When it comes to diagnosing computer problems, the power supplies mises.
If your computer encounters a problematic drive error, Blue Screen of Death crashes or obviously will not open. You may be facing the wrong power supply.
Run these quick tests before you start pulling out the expensive hardware.
Testing whether it unlocks the power
Turn off your computer. When the computer does not start, flip the button on the back of the power supply. Disconnect the outlet.
Open your computer case. Disconnect the power supply cables on all items inside the case. Follow each line from the power supply to the component to make sure everything connects with it correctly.
Do a paper clip experiment. You can use a piece of paper to help check your power supply. To do this, align the paperclip and fold it into a “U.”
- This paperclip will serve as anchors embedded in the power supply that gives it a “Power ON” signal.
Get a 20/24 Pin connector that usually attaches to your computer’s motherboard. It is usually the main connector for the power supply.
Find the green pin and the black pin (15 and 16 pins). You will be placing the paperclip ends on the green pin and the neighboring black pin. Before doing so, double-check to ensure that it disconnects the power supply.
- The green pin is usually the 15th on the pin chart.
Enter a paperclip
- Once you have inserted the paperclip on each pin, place the cable somewhere not to be disturbed.
- Connect the power supply again to the store, then install the back switch.
Check out the follower
- When the power goes out, you should be able to hear and see the fan moving.
- This will let you know that the electricity is working at least.
- If the power does not turn on at all, check your pins (after disconnecting) and try again.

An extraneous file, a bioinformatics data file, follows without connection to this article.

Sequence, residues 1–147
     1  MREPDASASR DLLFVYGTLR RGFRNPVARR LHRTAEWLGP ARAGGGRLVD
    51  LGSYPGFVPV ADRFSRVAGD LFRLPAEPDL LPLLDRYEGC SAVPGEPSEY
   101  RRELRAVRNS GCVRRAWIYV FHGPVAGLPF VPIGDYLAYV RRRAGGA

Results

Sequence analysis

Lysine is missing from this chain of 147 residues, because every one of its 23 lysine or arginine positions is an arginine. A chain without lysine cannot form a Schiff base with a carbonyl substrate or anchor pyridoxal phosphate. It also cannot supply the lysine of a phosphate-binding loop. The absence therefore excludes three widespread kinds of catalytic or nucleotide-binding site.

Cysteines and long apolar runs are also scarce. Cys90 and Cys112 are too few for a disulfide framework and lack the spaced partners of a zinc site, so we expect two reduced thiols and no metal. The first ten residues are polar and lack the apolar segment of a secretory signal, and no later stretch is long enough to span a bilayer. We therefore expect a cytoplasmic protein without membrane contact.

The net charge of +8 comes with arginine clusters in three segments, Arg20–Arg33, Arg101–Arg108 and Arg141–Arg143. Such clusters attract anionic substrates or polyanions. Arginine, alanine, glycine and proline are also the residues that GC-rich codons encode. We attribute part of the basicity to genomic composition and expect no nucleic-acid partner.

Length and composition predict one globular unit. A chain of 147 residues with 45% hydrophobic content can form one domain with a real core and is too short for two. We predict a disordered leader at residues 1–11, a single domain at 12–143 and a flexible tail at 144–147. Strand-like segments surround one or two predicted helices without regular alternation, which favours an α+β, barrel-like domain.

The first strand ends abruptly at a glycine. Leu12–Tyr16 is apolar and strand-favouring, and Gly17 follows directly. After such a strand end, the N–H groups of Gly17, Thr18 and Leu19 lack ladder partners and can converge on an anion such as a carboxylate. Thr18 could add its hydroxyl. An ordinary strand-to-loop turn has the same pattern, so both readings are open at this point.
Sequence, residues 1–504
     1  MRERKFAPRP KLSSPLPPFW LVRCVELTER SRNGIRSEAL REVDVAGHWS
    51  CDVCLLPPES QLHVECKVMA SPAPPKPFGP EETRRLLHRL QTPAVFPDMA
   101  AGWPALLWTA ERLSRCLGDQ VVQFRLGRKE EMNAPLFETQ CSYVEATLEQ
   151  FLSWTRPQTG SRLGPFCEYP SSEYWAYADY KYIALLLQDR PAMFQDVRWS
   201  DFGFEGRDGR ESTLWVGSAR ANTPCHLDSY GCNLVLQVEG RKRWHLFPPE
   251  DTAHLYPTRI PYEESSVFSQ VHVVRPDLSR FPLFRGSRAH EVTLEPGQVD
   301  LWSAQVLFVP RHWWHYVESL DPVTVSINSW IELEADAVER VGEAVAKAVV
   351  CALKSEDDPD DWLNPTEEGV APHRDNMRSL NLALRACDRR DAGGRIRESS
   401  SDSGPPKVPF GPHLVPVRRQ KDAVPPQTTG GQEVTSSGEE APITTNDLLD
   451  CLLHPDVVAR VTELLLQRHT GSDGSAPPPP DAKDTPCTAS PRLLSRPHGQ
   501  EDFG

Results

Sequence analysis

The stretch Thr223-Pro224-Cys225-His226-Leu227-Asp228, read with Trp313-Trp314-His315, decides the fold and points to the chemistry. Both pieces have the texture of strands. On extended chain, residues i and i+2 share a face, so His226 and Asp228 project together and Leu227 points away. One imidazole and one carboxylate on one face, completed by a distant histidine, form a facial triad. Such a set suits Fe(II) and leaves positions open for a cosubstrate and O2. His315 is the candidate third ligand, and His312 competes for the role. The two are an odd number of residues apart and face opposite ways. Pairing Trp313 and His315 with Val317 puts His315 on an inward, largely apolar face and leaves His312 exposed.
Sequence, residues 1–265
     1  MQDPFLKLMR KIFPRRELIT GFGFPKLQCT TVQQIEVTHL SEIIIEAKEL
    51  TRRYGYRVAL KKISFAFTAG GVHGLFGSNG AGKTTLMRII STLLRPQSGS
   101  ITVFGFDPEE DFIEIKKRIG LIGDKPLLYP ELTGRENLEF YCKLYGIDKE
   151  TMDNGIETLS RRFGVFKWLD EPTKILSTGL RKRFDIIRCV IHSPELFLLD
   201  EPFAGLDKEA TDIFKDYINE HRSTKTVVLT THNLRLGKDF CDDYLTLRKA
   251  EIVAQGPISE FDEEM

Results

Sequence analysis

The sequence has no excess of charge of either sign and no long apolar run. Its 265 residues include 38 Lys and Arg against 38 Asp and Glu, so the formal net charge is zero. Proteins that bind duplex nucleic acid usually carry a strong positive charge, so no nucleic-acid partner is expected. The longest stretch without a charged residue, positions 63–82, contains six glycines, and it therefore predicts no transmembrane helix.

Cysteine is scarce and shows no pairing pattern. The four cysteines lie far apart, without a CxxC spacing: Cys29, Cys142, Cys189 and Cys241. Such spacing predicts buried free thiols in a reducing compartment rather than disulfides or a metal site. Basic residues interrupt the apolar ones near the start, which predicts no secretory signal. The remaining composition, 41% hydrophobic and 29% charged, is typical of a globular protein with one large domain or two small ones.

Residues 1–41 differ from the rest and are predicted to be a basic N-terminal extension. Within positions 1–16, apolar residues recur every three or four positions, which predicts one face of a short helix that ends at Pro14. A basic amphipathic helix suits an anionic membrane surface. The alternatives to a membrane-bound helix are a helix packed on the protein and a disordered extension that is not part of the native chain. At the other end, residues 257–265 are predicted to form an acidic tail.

- If it does not open, it may be dead.
- This will not show you if the electric current is working correctly, that it is on. You will need to do the following test to make sure it comes outright.
Check the output with software
If your computer is running and you can load your operating system, try using software to check your power outages.
- If your computer is not working, skip to the next step.
- Turn off the power button after the power supply.
- Turn on the computer and disconnect all components from the power supply.
Using power supply test unit
These are available online and in computer stores and are relatively inexpensive. Get a 20/24 pin connector on the power supply.
This is with the most significant power supply cable.
- Connect the power supply again to the store and open it. Turn on the power supply, and your power supply checker will light up.
- Some power supply inspectors require you to turn on the power supply using the switch or button on the tester. Some will open automatically.
- Check the voltages. The 20/24 pin connector will have a lot to read, but there are 4 essential steps you need to consider:
- +3.3 VDC
- +5 VDC
- +12 VDC
- -12 VDC
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Check out some connectors
- Once you have made sure that the main connector is discharging correctly.
- Check each of the connector wires one by one.
- Disconnect and turn off the power supply during each test.
Align the paperclip and fold it into a “U” shape. Find the green pin on the 20/24 connector. Attach the paperclip to a green pin (pin 15) and other black neighboring pins.
- Connect the power supply again and turn it on.
- Get a pinout charging pinout chart. This will let you know which pins give you what the voltages are.
- Set your multimeter to the VBDC setting. If your multimeter does not have a default range, put the distance to 10V.
- Connect a false multimeter probe to the (black) pin on the connector.
- Connect the search query to the first pin you want to check. Write a note of the electric current shown.
- Check the values to make sure they fit under the tolerance threshold. If there is an option other than the tolerance range, the power supply may not work.
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